It's like an episode of Upstairs, Downstairs.
On the top floor of the World Cafe Live is the Kinky Friedman, the novelist, songwriter, tale teller and aspirant to one day sit at the Lone Star State governor's desk once inhabited by Ann Richards and George W. Bush. Yes, the author of What Would Kinky Do? and quite serious songwriter behind such gems as "Sold American," "Rapid City, South Dakota" (which he calls "the first pro-choice country song ever written"), and "They Don't Make Jews Like Jesus Anymore." Friedman will not have all of his band The Texas Jewboys with him, but Little Jewford and Washington Ratso will be in the house.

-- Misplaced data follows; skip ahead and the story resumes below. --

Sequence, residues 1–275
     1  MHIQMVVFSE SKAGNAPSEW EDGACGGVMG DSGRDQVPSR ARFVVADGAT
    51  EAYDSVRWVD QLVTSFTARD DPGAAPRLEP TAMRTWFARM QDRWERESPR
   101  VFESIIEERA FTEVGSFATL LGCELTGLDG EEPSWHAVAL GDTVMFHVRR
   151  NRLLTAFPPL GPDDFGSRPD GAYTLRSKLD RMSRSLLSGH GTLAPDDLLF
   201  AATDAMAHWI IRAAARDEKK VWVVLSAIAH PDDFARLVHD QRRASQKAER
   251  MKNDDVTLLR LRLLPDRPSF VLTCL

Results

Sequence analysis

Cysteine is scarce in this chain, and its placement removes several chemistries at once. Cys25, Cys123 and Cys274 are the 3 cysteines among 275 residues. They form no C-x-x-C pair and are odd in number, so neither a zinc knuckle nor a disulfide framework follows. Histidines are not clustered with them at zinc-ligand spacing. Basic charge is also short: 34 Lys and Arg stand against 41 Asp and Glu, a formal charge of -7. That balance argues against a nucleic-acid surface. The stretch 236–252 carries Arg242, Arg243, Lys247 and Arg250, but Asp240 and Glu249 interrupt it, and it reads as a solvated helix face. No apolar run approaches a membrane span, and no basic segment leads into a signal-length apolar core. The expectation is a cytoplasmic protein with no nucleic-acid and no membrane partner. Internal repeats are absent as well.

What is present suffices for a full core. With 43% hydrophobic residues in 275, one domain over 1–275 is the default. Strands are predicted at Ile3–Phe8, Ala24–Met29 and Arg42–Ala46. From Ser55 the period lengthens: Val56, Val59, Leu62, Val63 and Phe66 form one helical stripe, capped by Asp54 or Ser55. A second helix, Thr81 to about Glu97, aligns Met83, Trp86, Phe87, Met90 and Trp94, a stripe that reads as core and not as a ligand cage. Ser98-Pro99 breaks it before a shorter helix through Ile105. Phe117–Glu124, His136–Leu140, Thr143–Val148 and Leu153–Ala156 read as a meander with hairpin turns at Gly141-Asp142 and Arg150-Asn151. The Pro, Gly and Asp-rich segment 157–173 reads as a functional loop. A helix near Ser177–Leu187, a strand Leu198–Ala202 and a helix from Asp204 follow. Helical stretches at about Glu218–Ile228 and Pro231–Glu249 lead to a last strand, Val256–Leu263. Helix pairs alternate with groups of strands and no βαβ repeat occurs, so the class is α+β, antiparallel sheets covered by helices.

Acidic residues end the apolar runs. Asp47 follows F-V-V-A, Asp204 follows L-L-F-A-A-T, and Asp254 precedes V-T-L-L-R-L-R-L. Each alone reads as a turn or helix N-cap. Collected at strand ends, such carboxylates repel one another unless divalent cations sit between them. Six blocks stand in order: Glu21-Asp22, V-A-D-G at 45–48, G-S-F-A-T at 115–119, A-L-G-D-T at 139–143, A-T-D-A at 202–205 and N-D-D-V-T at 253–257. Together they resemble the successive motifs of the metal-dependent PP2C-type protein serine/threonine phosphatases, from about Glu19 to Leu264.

Meantime, downstairs at the WCL, Michael Kiwanuka is headlining a triple bill that also includes Bahamas and Elle King. Kiwanuka is the 24 year old Brit-soul man who embraces Bill Withers, Bob Dylan and Otis Redding as influences, and makes mellow down easy music on his debut LP, Home Again, which includes one song producerd by the Black Keys' Dan Auerbach. It's out now on iTunes, and comes out physically, as they awkwardly say, on July 31. My interview with Kiwanuka is in Friday's Inquirer Weekend section and here.
That's Kinky in the picture. Below, Kiwanuka takes "Lasan" to the streets of Brussels. Below that, Friedman plays "Sold American" while itting on the porch with fellow Texas tunesmiths Butch Hancock and Jimmie Dale Gilmore who, by the way, will be in Sellersville with the Flatlanders on June 28.